With a baseline 128GB SSD, minimum storage remains the same but the largest capacity choice has increased from 256GB to 512GB and the actual 6Gb/s drives used are faster than the 3GB/s ones used before. At time of writing there are very few other ultraportables available offering this much memory and solid state storage capacity, putting the 2012 Air at the top of its game – for now.
On a different note, it’s worth pointing out that the MacBook Air gets a tad noisy and hot around the hinge when running CPU/GPU-intensive content, but this is common with performance machines this thin.
MacBook Air 2012 Battery
(40 percent screen brightness, wireless radios disabled, mixed productivity)
Unfortunately, Apple claims the exact same 7-hour battery life figure for its new 13in Air as on the old model – despite the slightly more efficient processor and graphics chip. This is a shame as, in our light productivity test, the previous 13in MacBook Air only managed five hours 41 minutes – though admittedly this was running Windows 7, which will have had an impact.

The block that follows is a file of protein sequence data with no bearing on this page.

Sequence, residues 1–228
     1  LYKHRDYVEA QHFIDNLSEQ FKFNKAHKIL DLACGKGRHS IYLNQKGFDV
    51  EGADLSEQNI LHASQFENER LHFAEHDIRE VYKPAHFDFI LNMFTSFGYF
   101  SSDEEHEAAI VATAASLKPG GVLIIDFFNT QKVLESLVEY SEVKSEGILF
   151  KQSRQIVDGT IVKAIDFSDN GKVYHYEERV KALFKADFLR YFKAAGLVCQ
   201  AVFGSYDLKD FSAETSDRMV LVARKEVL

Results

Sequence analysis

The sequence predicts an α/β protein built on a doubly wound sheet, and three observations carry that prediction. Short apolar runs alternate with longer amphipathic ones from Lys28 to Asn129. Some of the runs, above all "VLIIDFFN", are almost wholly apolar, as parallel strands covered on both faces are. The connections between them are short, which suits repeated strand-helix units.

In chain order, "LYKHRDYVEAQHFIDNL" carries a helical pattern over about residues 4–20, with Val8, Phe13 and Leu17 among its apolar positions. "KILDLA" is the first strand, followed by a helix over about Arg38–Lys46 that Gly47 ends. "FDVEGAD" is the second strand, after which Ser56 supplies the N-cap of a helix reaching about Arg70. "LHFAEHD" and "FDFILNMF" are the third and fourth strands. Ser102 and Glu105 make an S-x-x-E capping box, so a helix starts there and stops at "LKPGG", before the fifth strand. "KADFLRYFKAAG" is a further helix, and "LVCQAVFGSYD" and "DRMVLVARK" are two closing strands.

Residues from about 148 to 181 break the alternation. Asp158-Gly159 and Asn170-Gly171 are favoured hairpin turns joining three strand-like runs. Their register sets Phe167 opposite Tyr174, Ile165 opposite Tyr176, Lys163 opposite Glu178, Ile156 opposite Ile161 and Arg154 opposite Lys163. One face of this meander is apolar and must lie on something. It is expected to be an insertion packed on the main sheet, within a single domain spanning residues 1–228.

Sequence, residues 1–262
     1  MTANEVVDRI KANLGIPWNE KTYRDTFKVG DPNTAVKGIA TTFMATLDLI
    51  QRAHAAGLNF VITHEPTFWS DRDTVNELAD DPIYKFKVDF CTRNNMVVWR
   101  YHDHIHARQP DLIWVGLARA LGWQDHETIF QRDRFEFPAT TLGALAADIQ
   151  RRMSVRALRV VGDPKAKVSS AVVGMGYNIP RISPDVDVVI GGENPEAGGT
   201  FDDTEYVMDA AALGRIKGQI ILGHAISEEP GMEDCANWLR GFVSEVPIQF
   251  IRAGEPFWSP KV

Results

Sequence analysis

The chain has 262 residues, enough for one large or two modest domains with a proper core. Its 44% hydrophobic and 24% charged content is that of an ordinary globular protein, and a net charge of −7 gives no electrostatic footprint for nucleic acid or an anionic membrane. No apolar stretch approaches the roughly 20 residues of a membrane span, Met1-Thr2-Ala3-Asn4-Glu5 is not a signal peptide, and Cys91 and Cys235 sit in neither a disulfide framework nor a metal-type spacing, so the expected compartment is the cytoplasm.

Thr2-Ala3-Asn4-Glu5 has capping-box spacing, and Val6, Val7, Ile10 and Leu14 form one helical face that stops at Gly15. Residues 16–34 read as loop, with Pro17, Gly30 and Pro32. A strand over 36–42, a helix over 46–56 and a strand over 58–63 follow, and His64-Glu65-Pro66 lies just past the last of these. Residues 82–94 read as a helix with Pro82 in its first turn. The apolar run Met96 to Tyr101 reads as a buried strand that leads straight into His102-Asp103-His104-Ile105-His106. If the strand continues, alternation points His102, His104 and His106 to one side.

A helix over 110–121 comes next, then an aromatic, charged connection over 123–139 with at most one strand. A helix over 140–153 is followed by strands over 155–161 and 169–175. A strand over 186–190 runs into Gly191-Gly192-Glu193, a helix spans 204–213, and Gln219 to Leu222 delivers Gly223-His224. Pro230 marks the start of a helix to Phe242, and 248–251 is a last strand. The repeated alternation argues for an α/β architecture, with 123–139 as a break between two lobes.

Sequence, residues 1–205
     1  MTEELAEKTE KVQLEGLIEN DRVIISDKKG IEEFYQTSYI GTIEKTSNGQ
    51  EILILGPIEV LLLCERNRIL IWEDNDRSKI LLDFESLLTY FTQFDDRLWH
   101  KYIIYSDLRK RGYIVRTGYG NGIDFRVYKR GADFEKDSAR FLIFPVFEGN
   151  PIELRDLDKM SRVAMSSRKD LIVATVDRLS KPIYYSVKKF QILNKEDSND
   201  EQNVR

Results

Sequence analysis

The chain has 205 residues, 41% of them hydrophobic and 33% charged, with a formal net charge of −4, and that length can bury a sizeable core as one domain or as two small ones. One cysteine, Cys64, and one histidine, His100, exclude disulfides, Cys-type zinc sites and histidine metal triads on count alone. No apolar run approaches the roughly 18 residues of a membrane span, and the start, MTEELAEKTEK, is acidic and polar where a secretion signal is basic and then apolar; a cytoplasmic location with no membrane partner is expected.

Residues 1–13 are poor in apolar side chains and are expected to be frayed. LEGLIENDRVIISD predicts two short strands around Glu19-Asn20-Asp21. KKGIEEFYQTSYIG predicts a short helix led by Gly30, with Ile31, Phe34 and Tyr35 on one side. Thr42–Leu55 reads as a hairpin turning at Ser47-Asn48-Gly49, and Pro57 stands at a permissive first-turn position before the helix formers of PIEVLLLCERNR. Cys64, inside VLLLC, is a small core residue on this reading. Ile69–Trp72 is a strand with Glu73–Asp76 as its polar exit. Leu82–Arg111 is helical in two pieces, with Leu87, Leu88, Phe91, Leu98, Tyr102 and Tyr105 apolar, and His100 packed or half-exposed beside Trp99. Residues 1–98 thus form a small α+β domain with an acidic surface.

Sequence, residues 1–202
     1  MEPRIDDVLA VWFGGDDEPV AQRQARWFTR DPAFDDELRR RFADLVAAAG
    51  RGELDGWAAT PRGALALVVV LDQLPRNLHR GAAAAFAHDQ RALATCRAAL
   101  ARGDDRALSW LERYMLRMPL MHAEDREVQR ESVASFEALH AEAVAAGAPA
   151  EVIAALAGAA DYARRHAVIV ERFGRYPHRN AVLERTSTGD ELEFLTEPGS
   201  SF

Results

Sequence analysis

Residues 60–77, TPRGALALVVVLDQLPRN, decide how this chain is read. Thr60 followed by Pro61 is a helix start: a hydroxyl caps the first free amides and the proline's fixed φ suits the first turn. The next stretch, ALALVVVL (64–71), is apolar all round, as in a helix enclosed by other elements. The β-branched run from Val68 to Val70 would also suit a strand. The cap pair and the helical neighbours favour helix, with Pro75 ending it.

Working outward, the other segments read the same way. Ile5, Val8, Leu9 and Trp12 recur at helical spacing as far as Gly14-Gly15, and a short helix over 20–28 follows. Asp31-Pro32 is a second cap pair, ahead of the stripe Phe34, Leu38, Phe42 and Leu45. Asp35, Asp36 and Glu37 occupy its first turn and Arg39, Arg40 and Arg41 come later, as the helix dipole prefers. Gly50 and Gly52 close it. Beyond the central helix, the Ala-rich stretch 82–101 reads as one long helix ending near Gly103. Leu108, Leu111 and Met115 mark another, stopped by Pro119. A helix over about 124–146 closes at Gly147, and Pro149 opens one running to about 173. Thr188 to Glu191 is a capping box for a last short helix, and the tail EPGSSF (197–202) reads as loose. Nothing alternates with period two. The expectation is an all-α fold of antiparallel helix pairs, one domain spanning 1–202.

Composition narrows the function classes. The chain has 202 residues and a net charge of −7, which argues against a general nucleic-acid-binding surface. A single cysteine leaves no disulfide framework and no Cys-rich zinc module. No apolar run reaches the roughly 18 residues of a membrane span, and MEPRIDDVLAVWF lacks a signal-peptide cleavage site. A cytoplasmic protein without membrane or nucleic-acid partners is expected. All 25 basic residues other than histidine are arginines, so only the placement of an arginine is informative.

Bizarrely, we actually got a slightly lower score of five hours and 21 minutes this time around. Using the laptop with Apple’s OS as intended delivered closer to the claimed figure, but we would still say it’s the one other area where, together with its screen, the 2012 MacBook Air isn’t quite the king of the ring.
MacBook Air 2012 Value
With a starting price of £999, the new 2012 Macbook Air 13in is solidly positioned at the premium end of the market, but is better value than ever before thanks to its upgraded bits. Frankly, it doesn’t appear to carry too much of an Apple premium. There are cheaper Ultrabooks available, but most don’t match up in either the screen or connectivity departments, not to mention design and build.
However, some do, and the Air is about to face some tough times due to its lack of upgrades – especially where the screen is concerned. In this regard, it’s already outperformed by the Samsung Series 9 900X3B with its matt 1,600 x 900 PLS panel, and will be absolutely annihilated by the 1080p IPS Zenbook Prime UX31a.